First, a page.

Being married to a "Horse Lady" and daily tending to horses in my "Horse Husband" duties, I know that animals of flight need to be dealt with carefully and with common sense. They are easily startled, like when a nearby, thoughtless hunter fires his rifle or scatter gun nearby. Even a falling branch can cause them to jump, so you can imagine what it must be like if they came in contact at close range with a drone. As we become more and more technologically advanced, it is critical that we understand the impact of that technology and behavior on the things nearby. Beautiful horses are included on that list.
The only situation I've been aware of regarding horses and drones in this area was when my wife served as a jump judge for the Ocala Jockey Club's Family Fall Festival. Drones were used in the skies above to video the event, a good way to keep a record of horse performance and possibly even resolve questions if they arose. These drones, however. were in the sky above, at least fifty feet above the horse and rider and were not even noticed by the participants. That's quite different from someone with a drone "snooping" on others, often on private property, and coming close to them. There is no reason why any private citizen should be able to spy on neighbors in their private lives with drones, be they horse owners or any citizen. That's just the way I see it.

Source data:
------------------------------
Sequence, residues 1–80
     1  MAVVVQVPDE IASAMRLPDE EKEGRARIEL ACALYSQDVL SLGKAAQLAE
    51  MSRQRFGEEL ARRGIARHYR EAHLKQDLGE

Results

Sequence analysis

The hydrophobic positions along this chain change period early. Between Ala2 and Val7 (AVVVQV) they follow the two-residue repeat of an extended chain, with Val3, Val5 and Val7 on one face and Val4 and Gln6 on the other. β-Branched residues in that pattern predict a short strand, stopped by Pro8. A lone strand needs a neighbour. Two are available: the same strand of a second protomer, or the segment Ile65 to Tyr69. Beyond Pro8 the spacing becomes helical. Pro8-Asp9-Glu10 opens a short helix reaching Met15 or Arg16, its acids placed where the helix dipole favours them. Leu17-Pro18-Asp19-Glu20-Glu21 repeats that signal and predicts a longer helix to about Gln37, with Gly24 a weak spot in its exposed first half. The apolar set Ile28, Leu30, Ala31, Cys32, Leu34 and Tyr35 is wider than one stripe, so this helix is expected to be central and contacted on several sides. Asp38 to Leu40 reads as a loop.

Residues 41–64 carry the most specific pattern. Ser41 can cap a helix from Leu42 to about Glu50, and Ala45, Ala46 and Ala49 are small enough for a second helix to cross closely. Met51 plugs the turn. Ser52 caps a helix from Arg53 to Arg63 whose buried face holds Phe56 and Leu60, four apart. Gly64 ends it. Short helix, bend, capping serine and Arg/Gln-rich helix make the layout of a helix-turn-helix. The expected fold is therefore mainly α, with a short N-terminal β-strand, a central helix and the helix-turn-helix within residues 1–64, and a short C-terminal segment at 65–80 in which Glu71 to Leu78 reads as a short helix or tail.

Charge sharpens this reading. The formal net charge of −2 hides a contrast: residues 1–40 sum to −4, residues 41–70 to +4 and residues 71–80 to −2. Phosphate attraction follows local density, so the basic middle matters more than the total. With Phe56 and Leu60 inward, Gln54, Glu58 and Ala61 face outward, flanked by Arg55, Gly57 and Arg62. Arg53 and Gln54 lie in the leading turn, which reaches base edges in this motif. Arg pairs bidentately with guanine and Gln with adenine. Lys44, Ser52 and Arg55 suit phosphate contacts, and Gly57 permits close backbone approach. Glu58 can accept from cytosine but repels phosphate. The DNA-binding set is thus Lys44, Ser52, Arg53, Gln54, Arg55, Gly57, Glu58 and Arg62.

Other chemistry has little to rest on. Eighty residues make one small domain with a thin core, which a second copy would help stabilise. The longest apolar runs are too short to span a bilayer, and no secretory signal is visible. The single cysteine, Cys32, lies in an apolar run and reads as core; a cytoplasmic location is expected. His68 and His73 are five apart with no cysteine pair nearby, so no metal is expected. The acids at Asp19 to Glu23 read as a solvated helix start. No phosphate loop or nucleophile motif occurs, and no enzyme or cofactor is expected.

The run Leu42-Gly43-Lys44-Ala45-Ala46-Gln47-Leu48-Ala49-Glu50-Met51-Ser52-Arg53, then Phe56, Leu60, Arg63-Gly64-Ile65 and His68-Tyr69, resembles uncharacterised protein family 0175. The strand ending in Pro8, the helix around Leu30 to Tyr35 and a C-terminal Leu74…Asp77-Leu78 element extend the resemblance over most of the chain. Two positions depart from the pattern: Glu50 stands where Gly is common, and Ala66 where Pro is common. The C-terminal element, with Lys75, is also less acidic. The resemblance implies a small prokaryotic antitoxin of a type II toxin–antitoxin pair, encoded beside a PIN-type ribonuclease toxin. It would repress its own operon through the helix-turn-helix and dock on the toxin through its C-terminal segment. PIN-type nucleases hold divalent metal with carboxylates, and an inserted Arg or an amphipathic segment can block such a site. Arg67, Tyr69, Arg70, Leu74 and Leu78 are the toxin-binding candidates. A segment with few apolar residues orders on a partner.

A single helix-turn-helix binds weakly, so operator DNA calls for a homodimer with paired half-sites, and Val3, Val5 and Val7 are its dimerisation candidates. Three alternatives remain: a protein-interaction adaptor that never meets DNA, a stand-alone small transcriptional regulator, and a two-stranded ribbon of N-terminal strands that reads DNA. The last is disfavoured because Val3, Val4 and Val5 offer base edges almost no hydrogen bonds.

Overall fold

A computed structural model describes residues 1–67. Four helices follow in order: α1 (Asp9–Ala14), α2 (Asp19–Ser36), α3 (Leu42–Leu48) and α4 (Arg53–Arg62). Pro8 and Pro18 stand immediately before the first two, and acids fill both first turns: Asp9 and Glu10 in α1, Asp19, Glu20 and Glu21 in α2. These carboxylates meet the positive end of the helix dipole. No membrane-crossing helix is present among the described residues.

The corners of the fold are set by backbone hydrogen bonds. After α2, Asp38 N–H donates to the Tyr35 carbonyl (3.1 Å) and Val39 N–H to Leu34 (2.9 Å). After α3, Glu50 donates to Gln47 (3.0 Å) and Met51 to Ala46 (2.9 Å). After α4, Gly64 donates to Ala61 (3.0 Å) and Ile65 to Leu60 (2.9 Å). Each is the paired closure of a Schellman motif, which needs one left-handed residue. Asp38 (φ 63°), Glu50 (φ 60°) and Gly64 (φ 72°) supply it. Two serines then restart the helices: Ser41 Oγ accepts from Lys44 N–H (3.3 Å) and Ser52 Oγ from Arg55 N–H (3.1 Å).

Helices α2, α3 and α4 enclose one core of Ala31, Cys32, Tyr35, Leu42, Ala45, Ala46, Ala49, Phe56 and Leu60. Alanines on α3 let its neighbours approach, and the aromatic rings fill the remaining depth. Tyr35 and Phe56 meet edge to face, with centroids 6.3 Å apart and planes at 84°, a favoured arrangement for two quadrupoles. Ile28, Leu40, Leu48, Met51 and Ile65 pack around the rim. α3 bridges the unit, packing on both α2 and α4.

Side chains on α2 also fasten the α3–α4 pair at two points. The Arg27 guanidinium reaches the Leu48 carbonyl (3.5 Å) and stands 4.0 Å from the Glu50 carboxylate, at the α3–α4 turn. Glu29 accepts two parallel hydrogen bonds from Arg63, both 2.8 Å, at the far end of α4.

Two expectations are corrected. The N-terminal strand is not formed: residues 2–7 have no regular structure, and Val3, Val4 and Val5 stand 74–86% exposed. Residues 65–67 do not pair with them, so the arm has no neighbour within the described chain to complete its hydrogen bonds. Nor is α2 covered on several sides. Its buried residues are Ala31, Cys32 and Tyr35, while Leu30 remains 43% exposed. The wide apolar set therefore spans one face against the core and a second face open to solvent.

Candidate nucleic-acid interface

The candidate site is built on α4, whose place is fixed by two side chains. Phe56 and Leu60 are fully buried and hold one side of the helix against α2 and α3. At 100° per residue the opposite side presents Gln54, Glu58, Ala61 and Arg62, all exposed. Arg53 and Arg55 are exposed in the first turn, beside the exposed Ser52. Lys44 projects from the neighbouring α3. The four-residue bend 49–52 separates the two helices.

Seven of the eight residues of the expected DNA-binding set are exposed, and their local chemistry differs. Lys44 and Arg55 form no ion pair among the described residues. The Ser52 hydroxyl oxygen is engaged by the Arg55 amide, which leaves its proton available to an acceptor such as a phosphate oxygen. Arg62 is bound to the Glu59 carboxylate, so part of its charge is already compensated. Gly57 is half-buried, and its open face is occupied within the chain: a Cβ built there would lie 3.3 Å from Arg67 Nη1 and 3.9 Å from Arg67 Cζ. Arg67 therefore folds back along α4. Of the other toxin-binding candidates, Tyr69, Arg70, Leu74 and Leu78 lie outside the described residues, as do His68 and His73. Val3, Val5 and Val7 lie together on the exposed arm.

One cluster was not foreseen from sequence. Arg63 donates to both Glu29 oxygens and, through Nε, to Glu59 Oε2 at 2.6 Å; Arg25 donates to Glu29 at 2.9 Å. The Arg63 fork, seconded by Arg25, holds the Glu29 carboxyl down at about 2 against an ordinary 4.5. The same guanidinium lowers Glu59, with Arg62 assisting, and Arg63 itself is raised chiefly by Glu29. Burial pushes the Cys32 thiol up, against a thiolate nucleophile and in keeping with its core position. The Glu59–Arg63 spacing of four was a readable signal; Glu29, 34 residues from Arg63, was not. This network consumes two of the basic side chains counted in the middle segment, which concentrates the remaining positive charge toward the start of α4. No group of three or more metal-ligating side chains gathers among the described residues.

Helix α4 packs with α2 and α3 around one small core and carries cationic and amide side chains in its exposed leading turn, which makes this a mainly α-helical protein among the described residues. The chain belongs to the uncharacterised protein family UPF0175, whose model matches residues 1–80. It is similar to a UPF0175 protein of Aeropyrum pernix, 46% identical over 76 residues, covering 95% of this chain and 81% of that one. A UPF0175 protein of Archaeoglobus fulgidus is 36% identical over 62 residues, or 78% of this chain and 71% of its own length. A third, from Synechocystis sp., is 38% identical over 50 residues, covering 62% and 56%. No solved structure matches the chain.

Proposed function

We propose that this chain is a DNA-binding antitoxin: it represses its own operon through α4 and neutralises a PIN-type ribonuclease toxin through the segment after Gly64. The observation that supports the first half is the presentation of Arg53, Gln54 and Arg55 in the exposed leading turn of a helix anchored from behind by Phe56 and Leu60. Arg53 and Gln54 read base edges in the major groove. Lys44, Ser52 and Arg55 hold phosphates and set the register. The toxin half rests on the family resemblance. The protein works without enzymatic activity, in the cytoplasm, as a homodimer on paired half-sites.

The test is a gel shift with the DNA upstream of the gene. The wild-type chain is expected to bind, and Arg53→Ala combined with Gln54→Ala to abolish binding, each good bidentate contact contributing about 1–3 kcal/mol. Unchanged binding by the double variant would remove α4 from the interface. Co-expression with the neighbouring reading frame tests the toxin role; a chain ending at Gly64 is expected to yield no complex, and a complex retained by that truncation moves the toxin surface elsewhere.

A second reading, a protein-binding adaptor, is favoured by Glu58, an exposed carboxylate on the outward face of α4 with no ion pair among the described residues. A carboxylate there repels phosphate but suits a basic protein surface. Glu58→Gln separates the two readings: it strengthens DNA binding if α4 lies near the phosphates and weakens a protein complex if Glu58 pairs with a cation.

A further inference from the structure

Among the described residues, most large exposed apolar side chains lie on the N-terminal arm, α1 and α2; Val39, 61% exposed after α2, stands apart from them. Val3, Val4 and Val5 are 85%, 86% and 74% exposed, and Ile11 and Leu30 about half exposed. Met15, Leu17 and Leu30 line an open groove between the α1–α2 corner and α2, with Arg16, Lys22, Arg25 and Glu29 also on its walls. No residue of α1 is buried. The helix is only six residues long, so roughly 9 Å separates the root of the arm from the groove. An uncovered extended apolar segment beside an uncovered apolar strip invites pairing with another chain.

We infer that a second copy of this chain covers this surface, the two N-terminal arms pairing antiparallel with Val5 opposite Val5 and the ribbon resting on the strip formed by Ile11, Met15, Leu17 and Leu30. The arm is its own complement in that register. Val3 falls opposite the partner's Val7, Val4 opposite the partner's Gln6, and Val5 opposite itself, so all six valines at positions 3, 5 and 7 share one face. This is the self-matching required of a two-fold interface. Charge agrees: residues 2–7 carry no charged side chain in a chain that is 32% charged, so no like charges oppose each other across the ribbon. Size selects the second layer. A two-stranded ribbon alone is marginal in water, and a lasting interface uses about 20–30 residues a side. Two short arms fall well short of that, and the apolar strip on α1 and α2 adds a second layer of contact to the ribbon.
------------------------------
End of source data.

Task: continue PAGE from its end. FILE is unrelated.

In the case of government using them for a security measure, even then we have to be very careful with individual rights in their use, for we have seen the mischief that government has gotten itself into with abuse of power using advanced technology. And with drones, the issue of safety is also a big concern. Just how many drones can operate in the air without causing crashes with other equipment, airplanes or otherwise? And what about crashes due to their failure? We just haven't addressed many of the issues that certainly will happen. Unintended consequences will always take place just as they always have in the past.
There have been reports since the drone craze began of farmers and others shooting them out of the sky when they appeared to be watching them or invading their personal space. That's a natural outcome as we see more and more of them show up in the air while the individuals below treasure their privacy. And in the case of horse owners, something disastrous is likely to happen if the practice as seen in Britain continues. Here's hoping that our British friends come up with a workable solution and that we here in America nip it in the bud before it gets to that. Unlimited numbers of drones in an increasingly more crowded sky are not something that will end well. You can count on it.